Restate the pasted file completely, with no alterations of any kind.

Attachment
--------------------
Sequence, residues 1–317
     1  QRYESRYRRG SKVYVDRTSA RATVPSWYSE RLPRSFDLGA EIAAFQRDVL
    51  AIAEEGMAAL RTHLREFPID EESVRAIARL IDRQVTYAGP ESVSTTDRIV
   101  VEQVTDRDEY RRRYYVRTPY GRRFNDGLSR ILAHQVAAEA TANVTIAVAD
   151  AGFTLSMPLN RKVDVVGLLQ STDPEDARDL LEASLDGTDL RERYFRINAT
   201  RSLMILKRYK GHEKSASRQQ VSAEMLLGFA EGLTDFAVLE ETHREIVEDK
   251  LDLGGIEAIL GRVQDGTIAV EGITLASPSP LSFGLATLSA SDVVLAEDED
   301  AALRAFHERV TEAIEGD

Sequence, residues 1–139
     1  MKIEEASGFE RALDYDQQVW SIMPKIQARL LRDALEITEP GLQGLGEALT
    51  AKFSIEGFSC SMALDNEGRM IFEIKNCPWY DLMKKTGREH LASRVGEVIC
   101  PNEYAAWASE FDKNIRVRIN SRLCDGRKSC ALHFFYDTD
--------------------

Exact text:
Sequence, residues 1–317
     1  QRYESRYRRG SKVYVDRTSA RATVPSWYSE RLPRSFDLGA EIAAFQRDVL
    51  AIAEEGMAAL RTHLREFPID EESVRAIARL IDRQVTYAGP ESVSTTDRIV
   101  VEQVTDRDEY RRRYYVRTPY GRRFNDGLSR ILAHQVAAEA TANVTIAVAD
   151  AGFTLSMPLN RKVDVVGLLQ STDPEDARDL LEASLDGTDL RERYFRINAT
   201  RSLMILKRYK GHEKSASRQQ VSAEMLLGFA EGLTDFAVLE ETHREIVEDK
   251  LDLGGIEAIL GRVQDGTIAV EGITLASPSP LSFGLATLSA SDVVLAEDED
   301  AALRAFHERV TEAIEGD

Sequence, residues 1–139
     1  MKIEEASGFE RALDYDQQVW SIMPKIQARL LRDALEITEP GLQGLGEALT
    51  AKFSIEGFSC SMALDNEGRM IFEIKNCPWY DLMKKTGREH LASRVGEVIC
   101  PNEYAAWASE FDKNIRVRIN SRLCDGRKSC ALHFFYDTD